It is clear that, to date, the baseline tests used in sport-related concussion management programs lack sufficient clinical validity and reliability for their intended purpose. These data were reviewed in some detail for the test that is by far the most widely used, the ImPACT computerized battery. There is not one single prospective controlled study in the peer-reviewed literature involving the current version of this test to establish sensitivity, and the reliability as reported by independent investigators appears to be far too low to be useful for individual decision-making. In addition, the ImPACT battery reports five separate cognitive measures without any associated algorithm for classifying overall performance as "impaired" or "recovered." This essentially negates the utility of the baseline testing paradigm, which is intended to provide a statistically-based classification of performance.

Finally, given the relatively low sensitivity and poor reliability of this test, ImPACT is likely to have a "false negative" rate that is as high as the "false positive" rate. In this setting, a false negative would be classifying an athlete as recovered, when in fact he or she was still experiencing cognitive impairment secondary to concussion. The true false negative rate can never be determined, as there is no "gold standard" for measuring cerebral integrity postconcussion. The false positive rate, on the other hand, can be established clearly from the percentage of uninjured controls that are classified as impaired. Since the false positive rate appears to be 30% to 40% of subjects for ImPACT (2,26), it is reasonable to assume that the false negative rate may be comparable.

To the extent that there is any risk of "premature" return-to-play, the determination of recovery based on the use of an instrument with such a high false negative rate may paradoxically increase risk, by returning athletes who might otherwise be withheld from play longer in the absence of such data. Regardless of whether risk can be reduced via the use of a well-validated baseline test under any circumstances, until appropriate clinical validity and psychometric data are established for one of these batteries, team medical personnel may be better advised to rely upon their own clinical judgment, in conjunction with a validated symptom checklist, in making return-to-play decisions. The use of a baseline neurocognitive test with poor sensitivity and inadequate reliability in this context may lead to an unfounded sense of security that recovery has taken place, and this is true particularly for clinicians who lack adequate training in psychometrics to understand the limitations of such an instrument.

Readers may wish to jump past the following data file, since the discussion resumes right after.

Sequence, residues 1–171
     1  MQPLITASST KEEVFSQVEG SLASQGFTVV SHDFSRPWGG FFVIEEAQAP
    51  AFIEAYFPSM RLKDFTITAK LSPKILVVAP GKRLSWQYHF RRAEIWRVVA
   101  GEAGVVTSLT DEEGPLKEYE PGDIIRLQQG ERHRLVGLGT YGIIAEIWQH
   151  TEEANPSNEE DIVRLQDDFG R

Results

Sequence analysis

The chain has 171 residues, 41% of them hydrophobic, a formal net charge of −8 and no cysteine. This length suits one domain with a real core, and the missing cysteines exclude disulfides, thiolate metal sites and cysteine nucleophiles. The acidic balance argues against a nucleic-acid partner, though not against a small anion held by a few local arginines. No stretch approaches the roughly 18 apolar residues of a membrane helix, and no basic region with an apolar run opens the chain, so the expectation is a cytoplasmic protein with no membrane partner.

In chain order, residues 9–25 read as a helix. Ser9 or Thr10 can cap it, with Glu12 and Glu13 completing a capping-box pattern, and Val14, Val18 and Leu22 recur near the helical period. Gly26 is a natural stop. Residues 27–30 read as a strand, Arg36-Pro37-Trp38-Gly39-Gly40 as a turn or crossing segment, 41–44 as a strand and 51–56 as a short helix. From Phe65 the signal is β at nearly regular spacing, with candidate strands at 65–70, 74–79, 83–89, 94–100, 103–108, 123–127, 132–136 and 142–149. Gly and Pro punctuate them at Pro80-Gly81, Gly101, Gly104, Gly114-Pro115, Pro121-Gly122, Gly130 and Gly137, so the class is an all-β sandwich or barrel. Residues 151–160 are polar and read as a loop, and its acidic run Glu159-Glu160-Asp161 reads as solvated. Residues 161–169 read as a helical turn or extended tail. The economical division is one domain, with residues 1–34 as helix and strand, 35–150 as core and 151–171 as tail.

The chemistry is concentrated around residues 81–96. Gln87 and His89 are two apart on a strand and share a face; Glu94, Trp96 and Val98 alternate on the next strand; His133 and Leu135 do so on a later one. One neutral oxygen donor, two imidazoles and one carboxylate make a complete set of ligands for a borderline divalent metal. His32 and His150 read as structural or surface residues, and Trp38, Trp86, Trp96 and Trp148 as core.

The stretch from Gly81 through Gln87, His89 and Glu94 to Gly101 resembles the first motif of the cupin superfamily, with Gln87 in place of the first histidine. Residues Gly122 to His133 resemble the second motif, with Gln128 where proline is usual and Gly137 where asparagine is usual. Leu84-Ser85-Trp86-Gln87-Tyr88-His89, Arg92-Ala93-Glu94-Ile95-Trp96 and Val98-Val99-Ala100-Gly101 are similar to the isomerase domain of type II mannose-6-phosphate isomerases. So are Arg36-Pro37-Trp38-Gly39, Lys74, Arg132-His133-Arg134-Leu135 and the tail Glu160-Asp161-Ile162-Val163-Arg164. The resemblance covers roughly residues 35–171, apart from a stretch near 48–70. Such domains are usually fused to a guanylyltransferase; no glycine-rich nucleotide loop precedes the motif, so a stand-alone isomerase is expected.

1. Belanger HG, Vanderploeg RD. The neuropsychological impact of sports-related concussion: a meta-analysis. J. Int. Neuropsychol. Soc. 2005; 11(4):345-57.
2. Broglio SP, Ferrara MS, Macciocchi SN, et al. Test-retest reliability of computerized concussion assessment programs. J. Athl. Train. 2007; 42(4):509-14.
3. Broglio SP, Macciocchi SN, Ferrara MS. Neurocognitive performance of concussed athletes when symptom free. J. Athl. Train. 2007; 42:504-8.
4. Bruce DA, Alavi A, Bilaniuk L, et al. Diffuse cerebral swelling following head injuries in children: the syndrome of "malignant brain edema". J. Neurosurg. 1981; 54(2):170-8.
5. Giza CG, Hovda DA. The neurometabolic cascade of concussion. J. Athl. Train. 2001; 36(3):228-35.
6. Guskiewicz KM, McCrea M, Marshall SW, et al. Cumulative effects associated with recurrent concussion in collegiate football players: the NCAA concussion study. JAMA. 2003; 290(19):2549-55.
7. Guskiewicz KM, Weaver NL, Padua DA, Garrett WE Jr. Epidemiology of concussion in collegiate and high school football players. Am. J. Sports Med. 2000; 28(5):643-50.
8. ImPACT - Testing & Computerized Neurocognitive Assessment Tools Web site (Internet). Available at:
9. Iverson GL, Lovell MR, Collins MW. Tracking recovery from concussion using ImPACT: applying reliable change methodology. Arch. Clin. Neuropsychol. 2002; 17:770.